Remember you'll need food for breakfast and the daytime acitvities, unless otherwise advised.
Don't forget your wash kit, shaver, and a towel or two. Some items worth their weight in gold when camping: earplugs, insect repellent and sting relief cream, plastic bags, a kitchen paper roll, a piece of string 3m long to make a washing line for drying stuff, a second pair of trainers or sandals for walking across wet grass or if your boots are all muddy, if you like a few beers of an evening and don't want a 100m walk to the toilet block at 2AM something to pee in ;-), last but not least a camping chair (otherwise you'll be sitting on the ground or standing!)
For your comfort and safety please be prepared for the anticipated weather and the terrain of the walk - keep in mind the following:
Boots: Hiking boots that are both waterproof and breathable, and provide good ankle support, are important as soon as you encounter any mud. Cross trainers may suffice in good weather and flat routes.
Socks: Proper walking socks keep your feet dry, and help prevent blisters.
Walking Trousers: (ideally water resistant) will be more comfortable than Jeans which are heavy and cold when wet. From April to October shorts are usually a better bet.
Waterproof Over-Trousers: essential in any significant rainfall. Breathable ones are best.
Layered clothing: allows you to quickly adapt to changes in the weather as well as body temperature. E.g. a base layer or a cotton T-Shirt; a mid layer like a micro fleece, or a rugby type thick shirt, and in cooler weather an outer layer consisting of a windproof jacket or a thick fleece.
Waterproof Jacket: essential when hiking in all but the calmest of weather. You get what you pay for with these. Breathable fabrics are advisable.
Hat: essential both in mid winter to preserve heat and in summer to prevent sunburn and heatstroke.
Gloves: essential in frosty weather.
Small Rucksack: One that is comfortable to wear is essential so that you can use your arms freely. Place valuables in water proof bags inside.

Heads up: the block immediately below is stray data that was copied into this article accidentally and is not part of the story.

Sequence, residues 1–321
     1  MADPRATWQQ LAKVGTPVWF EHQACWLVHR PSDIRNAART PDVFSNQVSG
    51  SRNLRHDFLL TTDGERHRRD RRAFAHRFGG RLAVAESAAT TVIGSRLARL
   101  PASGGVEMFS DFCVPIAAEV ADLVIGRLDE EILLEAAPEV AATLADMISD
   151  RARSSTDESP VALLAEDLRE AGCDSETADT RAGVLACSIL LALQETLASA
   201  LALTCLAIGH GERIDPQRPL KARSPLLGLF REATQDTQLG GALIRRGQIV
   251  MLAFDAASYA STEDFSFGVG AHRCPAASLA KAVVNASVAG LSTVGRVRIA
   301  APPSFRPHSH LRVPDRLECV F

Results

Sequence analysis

Sunglassses: April- Sept: comfortable sunglasses enhance your pleasure and keep insects out of the eye
Water: even in winter one can loose a litre or more of fluid by perspiration. If you fail to make this up you'll get dehydrated which can lead to headaches and other problems. A hydration bladder is easier to use than bottled water, but higher maintenance.
Food: a packed lunch will be required unless otherwise stated. In addition carry energy bars or similar to counter 'sugar lows'.
Medicines: If you have allergies, are diabetic, or have minor ailments don't forget these!
Food & Drink
You will need to supply all your own food and drink on this weekend as per a traditional camping event.
Please bring everything that you need. The nearest shop can be found in Stalham about 10 minutes drive from the campsite.
Friday night: Please bring your own - we'll be eating at the campsite.
Saturday breakfast: Please bring your own.
Saturday lunch: Please bring a packed lunch.
Saturday dinner: We'll be heading to a nearby pub for supper, however you can eat at the campsite if you prefer.
Sunday breakfast: Please bring your own.
Sunday lunch: Pub lunch.
Drinks: Please bring your own.
Meeting & Times
Hicking is secluded and beautiful village campsite in the heart of the Norfolk Broads, with generous space for tents on wonderfully flat grassy pitches.
Your hosts Tom and Jo are delighted to welcome you to what they describe as their ‘little piece of paradise’. As a local couple who absolutely love Norfolk and camping, they decided to combine the two!
At the heart of the largest broad in Norfolk and its outstanding coastline, Hickling Campsite is the perfect base to pitch up and go exploring… a cycle ride away from award winning, secluded, yet vast sandy beaches; and under a mile’s walk to Hickling’s quaint, traditional village pub, The Greyhound, and The Pleasure Boat Inn, which is situated on the impressive Hickling Broad, making it the perfect place to relax while watching boats glide in and out along the tranquil and picturesque broad.
Hickling Broad is an absolute haven for wildlife too, being a national nature reserve established by English Nature and in the care of the Norfolk Wildlife Trust, there are plenty of boat trips around the reserve for visitors to explore.
Tom and Jo believe that a fire is an essential part of outdoor living, therefore, to save you the trouble of making your own, they have plenty of braziers for you to gather around with marshmallows or simply cook your burgers on, with firewood available to purchase too.
There are plenty of raspberries and apples to pick onsite too, so be sure to bring some extra bowls and your appetite when these fruits are in season…